Financial Literacy - Retirement income planning
Should you work in retirement?

Thinking of working a bit longer and delaying your retirement? Mind the pitfalls. True, postponing retirement can have its advantages -- you can delay tapping your 401(k) nest egg and may even add to it while you're working.

But you can run into problems if you begin collecting Social Security checks or taking withdrawals from some tax-deferred retirement plans while you earn a paycheck. Generally speaking, overstaying your welcome at work could have some serious health care, Social Security and pension ramifications. Consider these four factors before signing on for another year.

Income tax

One of the most common caveats would-be retirees frequently fail to consider is that staying on the job an extra year might bump them into a higher tax bracket.

"People forget that any extra distributions or benefits they receive on top of their salary also count as income," says Kevin Seibert, managing director of the Lubbock, Texas-based think tank, the International Foundation for Retirement Education. "It's taxable, just like their regular salaries."

Working seniors can find themselves in a higher tax bracket in one of two ways -- by taking pension distributions on top of a regular salary or by taking Social Security benefits while they continue working, Siebert says.

Employees can easily sidestep the first pitfall by educating themselves on how close their current income is to the next tax bracket, and if their retirement plan has a mandatory distribution date. While employees who use a 401(k) plan as their primary retirement vehicle have the freedom to delay their distributions until after they officially leave the company, those enrolled in traditional IRA plans must start taking distributions no later than age 70½, whether or not they're still drawing an annual salary.

"In that case, it might make sense to plan ahead a little and start taking smaller distributions earlier to avoid being thrown into a higher tax bracket," Seibert says. "It doesn't make sense to start taking your retirement if you're going to pay it back in taxes."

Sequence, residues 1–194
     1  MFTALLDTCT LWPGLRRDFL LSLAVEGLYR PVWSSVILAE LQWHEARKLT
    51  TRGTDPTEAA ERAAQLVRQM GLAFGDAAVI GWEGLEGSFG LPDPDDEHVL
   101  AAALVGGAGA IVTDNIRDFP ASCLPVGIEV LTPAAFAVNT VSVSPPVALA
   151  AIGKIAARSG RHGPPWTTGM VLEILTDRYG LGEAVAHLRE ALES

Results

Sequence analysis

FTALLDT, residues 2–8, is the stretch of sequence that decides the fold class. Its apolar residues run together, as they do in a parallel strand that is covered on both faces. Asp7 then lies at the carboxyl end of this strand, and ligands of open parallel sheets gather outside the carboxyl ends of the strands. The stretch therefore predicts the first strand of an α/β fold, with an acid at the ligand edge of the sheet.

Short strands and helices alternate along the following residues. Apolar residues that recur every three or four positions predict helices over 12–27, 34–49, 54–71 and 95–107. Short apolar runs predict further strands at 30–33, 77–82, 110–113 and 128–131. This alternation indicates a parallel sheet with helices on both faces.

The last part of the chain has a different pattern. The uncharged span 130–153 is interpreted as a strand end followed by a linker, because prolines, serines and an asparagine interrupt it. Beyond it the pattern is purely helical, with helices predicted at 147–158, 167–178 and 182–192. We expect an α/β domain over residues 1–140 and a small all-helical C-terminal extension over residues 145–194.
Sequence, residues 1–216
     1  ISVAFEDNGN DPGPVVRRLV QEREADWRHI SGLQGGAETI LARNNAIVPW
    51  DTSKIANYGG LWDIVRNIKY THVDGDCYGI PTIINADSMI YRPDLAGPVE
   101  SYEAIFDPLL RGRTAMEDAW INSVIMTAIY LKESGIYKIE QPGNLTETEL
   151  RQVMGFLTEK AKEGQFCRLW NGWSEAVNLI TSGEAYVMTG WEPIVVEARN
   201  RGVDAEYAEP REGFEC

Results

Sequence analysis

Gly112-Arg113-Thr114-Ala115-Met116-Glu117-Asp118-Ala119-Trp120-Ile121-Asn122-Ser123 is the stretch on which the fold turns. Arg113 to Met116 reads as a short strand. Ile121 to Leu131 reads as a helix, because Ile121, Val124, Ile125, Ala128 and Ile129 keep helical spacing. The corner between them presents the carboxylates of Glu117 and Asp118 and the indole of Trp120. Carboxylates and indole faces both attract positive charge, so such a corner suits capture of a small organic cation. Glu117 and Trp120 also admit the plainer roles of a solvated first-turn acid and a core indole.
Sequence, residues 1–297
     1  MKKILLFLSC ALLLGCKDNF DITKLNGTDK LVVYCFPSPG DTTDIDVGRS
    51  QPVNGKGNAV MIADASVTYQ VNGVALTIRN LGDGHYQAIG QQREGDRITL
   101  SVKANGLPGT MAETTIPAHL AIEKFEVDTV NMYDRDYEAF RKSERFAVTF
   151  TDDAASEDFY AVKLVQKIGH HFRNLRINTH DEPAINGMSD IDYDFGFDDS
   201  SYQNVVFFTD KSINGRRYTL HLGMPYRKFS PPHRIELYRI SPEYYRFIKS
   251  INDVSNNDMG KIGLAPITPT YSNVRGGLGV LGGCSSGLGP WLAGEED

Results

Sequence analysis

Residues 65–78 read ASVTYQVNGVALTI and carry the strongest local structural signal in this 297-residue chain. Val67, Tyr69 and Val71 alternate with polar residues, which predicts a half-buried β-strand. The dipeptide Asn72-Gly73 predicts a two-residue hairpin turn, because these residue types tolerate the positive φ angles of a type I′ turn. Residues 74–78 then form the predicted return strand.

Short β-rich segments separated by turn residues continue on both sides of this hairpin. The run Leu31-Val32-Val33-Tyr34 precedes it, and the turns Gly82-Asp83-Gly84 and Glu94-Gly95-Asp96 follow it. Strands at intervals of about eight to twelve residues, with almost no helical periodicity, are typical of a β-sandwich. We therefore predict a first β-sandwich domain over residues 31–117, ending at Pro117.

A new law gives retirees a break from having to take a required minimum distribution from their IRAs in 2009. Many seniors experienced big losses in their IRA accounts in the recent stock market downturn, prompting lawmakers to waive distributions for this year only.

Taking Social Security benefits before you leave the company can have the same effect, says Yolanda M. York, a spokeswoman for the Social Security Administration. Single filers with total adjusted gross incomes of under $25,000 per year ($32,000 for married couples filing jointly) for the 2009 tax year won't have to pay income tax on their Social Security benefits. But for those earning more, up to 85 percent of their benefits are subject to income tax.

"A lot of people don't realize Social Security benefits are taxable," York says. "That's important when deciding whether to delay retirement."

Social Security benefits

Ken Steele, a Metlife senior financial planner based in Waltham, Mass., says that income tax isn't the only place where working seniors can lose money. Those who sign up for Social Security before the government-designated full retirement age will probably have their benefits withheld if they're also earning salaries.

"With Social Security, you're only allowed to earn about $14,160 (in 2009) before you start giving back $1 of Social Security for every $2 you earn," says Steele. "If people aren't mindful of that, they're going to lose a lot of money."


That means that workers who are eligible for Social Security benefits (beginning at age 62), but under full retirement age (65, 66 or 67 depending on the year of birth) who draw, say, $1,000 per month in Social Security benefits, will have their entire benefits package withheld for a year if their annual salaries exceed $38,160. While it's not a permanent loss -- the Social Security Department will repay all withheld benefits in monthly increments after you officially leave the working world -- those relying on a fat check from the government may have to work with a significantly reduced one while they stay on the job.

Those who attain full retirement age in 2009 (but not until later in the year) have a much higher income threshold before benefits are withheld. According to the Social Security Administration Web site, these workers can earn $37,680 in 2009 ($3,140 per month) without penalty, after which $1 of Social Security will be subtracted for every $3 of extra income until the month they reach retirement age. Workers who don't collect Social Security until after the government-designated retirement age won't be subject to income restrictions at all, and "passive income" gained from sources such as investments or rental properties don't count in the formula either.

Show Bankrate's community sharing policy

Connect with us